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Kaletra®

Brand Name: Kaletra®
Active Ingredient:   lopinavir/ritonavir
Strength(s): 133.3/33.3 mg Capsules and 80/20 mg/mL Oral Solution
Dosage Form(s):   Capsules and Oral Solution
Company Name:    Abbott
Availability:         Prescription only
*Date Approved by the FDA:   September 15, 2000
*Approval by FDA does not mean that the drug is available for consumers at this time.




What is Kaletra used for?

Kaletra is always used in combination with other anti-HIV drugs to treat people with human immunodeficiency virus (HIV) infection. Kaletra is for adults and children 6 months and older.
  • Kaletra does not cure HIV infection or AIDS. The long-term effects of Kaletra are not known at this time. You may continue to develop infections and other complications associated with HIV disease.
  • Kaletra does not reduce the risk of transmitting HIV to others through sexual contact or blood contamination. Continue to practice safe sex, and do not use or share dirty needles.
  • Who should not take Kaletra?

    Together with your doctor, you need to decide whether Kaletra is right for you.

    • Taking certain drugs with Kaletra could cause serious side effects that could cause death. Before you start Kaletra you must tell your doctor about ALL the drugs you are taking or are planning to take. These include other prescription and non-prescription medicines and herbal supplements such as St. John’s wort.
    • For more information about medicines you should not take with Kaletra, and medicines that require dosage adjustments click on the link below to Kaletra’s approved labeling and patient information.
    • Do not take Kaletra if you have had a serious allergic reaction to Kaletra or any of its ingredients, including ritonavir or lopinavir.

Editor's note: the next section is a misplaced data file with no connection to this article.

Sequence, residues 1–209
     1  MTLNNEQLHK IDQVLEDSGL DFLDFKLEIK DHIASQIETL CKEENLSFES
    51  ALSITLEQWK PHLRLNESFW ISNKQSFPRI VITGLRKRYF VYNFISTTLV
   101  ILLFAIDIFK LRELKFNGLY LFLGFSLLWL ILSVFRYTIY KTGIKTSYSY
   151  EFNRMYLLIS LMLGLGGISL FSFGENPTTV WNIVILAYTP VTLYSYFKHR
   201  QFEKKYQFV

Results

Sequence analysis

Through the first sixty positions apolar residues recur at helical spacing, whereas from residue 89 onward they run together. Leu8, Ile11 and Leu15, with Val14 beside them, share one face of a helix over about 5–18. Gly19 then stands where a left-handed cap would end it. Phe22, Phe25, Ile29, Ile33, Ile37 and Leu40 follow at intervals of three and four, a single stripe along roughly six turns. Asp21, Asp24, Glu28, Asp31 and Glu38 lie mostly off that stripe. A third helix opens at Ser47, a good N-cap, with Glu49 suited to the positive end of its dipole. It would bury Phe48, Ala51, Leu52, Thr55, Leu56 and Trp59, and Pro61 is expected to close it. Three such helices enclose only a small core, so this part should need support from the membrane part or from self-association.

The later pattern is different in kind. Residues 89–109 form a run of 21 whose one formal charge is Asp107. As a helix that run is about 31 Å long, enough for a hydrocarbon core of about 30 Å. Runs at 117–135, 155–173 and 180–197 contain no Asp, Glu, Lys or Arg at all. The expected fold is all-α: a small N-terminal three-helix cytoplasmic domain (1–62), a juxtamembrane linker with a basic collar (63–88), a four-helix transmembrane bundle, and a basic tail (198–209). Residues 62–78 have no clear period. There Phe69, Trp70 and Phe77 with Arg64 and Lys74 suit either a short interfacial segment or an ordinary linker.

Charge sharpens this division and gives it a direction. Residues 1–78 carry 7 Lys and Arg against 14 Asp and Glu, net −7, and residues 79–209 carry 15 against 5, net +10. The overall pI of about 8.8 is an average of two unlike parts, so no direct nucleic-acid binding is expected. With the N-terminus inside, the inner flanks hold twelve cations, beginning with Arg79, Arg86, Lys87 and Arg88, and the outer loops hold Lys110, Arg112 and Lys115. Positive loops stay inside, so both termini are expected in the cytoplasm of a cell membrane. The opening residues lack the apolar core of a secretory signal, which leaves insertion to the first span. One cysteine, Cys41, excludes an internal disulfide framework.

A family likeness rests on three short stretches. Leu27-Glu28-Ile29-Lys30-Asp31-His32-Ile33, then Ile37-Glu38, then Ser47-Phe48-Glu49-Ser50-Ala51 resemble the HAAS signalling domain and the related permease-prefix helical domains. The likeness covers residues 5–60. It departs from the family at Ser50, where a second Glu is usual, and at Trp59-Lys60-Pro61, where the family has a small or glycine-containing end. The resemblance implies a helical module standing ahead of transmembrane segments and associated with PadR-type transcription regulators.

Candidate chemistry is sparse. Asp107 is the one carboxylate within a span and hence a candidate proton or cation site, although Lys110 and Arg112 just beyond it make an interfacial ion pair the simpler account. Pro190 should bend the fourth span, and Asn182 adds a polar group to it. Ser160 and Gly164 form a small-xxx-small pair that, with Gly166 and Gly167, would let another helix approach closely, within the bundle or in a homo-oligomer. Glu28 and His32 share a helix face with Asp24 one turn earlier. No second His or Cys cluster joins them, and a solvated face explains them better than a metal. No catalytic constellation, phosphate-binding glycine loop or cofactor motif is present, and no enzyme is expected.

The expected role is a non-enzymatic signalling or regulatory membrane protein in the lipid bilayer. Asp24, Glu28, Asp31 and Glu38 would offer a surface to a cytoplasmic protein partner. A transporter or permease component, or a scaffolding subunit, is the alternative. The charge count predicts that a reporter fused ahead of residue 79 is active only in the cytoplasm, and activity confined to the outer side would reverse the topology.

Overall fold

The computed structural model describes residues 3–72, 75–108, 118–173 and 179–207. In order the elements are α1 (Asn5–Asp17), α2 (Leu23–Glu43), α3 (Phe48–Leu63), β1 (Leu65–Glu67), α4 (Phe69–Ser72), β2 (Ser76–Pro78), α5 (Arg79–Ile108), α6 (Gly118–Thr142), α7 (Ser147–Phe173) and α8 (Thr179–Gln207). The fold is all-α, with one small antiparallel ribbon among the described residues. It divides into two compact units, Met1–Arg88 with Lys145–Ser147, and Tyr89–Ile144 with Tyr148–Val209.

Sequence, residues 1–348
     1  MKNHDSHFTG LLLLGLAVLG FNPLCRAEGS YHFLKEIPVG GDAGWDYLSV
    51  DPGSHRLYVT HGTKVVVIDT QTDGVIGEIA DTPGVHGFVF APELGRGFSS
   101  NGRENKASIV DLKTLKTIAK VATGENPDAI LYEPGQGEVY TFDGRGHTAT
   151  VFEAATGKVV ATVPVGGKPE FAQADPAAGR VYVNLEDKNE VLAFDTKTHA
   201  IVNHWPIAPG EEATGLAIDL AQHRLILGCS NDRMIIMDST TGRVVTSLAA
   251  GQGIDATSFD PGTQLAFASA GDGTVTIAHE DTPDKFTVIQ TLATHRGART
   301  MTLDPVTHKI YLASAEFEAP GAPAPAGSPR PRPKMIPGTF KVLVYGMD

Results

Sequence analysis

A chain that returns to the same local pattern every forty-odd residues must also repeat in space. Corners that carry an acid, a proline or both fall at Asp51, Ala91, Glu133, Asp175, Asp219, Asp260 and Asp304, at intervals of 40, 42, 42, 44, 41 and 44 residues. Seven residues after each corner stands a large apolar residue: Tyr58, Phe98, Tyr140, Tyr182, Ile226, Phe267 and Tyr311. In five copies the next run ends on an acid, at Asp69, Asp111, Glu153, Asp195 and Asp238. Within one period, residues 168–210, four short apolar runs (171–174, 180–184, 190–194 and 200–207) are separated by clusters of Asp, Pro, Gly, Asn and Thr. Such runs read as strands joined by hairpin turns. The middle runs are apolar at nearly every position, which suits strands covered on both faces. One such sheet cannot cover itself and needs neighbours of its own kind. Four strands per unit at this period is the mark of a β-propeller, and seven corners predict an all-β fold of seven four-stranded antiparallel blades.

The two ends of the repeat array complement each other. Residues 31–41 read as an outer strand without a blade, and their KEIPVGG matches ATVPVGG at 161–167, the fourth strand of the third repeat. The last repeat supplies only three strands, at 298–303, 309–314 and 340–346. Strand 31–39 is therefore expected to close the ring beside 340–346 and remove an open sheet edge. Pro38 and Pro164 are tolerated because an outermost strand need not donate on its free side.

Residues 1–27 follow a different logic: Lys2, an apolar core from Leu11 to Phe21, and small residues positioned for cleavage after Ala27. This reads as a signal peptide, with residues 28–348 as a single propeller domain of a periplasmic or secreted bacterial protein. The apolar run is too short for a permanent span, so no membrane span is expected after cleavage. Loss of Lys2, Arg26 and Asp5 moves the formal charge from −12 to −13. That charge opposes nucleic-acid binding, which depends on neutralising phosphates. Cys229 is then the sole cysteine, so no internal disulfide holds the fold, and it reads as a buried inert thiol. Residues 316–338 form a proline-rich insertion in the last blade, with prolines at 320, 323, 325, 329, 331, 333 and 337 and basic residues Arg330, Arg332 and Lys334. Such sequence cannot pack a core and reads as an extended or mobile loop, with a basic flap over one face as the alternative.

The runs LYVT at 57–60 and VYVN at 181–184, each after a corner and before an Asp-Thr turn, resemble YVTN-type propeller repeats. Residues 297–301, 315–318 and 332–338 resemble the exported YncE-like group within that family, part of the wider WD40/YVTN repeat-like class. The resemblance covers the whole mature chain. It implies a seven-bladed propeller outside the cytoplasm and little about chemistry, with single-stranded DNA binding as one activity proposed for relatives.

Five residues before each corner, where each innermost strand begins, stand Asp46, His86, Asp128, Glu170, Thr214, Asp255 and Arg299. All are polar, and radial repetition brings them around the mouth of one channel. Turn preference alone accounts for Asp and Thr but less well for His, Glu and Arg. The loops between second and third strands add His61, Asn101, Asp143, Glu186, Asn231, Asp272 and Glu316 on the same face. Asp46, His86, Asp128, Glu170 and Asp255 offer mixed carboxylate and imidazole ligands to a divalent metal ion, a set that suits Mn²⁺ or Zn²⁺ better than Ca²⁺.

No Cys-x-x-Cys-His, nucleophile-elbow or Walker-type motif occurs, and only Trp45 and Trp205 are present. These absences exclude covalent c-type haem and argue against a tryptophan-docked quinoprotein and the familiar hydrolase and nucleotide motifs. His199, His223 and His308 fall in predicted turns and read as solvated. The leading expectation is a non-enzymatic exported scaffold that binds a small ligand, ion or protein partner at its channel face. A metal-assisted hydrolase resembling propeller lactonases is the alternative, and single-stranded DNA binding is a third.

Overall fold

Special Warnings with Kaletra:

    Kaletra may cause liver problems. Liver disease such as Hepatitis B and Hepatitis C may worsen when Kaletra is taken. In studies, it is unclear if Kaletra caused these liver problems because some patients had other illnesses or were taking other medications.
  • Some people taking Kaletra develop serious problems with their pancreas (pancreatitis), which may cause death. You have a higher chance of having pancreatitis if you have had it before. Tell your doctor if have nausea, vomiting, or abdominal pain. These may be signs of pancreatitis.
  • Changes in body fat happen in some people taking anti-HIV medicines. These changes may include increased amount of fat in the upper back and neck ("buffalo hump"), breast and abdomen (stomach area). Loss of fat from the face, legs, and arms may also happen. The cause and long-term health effects of these conditions are not known at this time.
  • Some patients with hemophilia have increased bleeding with this type of drug.
  • If you are taking oral contraceptives ("the pill") to prevent pregnancy, you should use an additional or different type of contraception since Kaletra may reduce the effectiveness of oral contraceptives.
  • What should I tell my doctor or health care provider?

    Tell your doctor or health care provider if you:

    • Are trying to become pregnant, are already pregnant, or are breast-feeding
    • Have liver problems
    • Have diabetes or an increase in thirst or frequent urination
    • Have hemophilia

    What are some possible side effects of Kaletra? (This is NOT a complete list of side effects reported with Kaletra. Your health care provider can discuss with you a more complete list of side effects.)  

    The most commonly reported side effects that are thought to be drug related are:

    • Abnormal stools (bowel movements)
    • Diarrhea
    • Feeling weak/tired
    • Headache
    • Nausea
    • Children taking Kaletra may sometimes get a skin rash

    For more detailed information about Kaletra, ask your health care provider.

    Link to Kaletra's http://www.fda.gov/cder/foi/label/2000/21226lbl.pdf    labeling and http://www.fda.gov/cder/foi/label/2000/21226ppi.pdf    patient information 

    Date Posted: 5/24/01

     

    Back to Drug Side Effects


    source: FDA


    last update: December 2004





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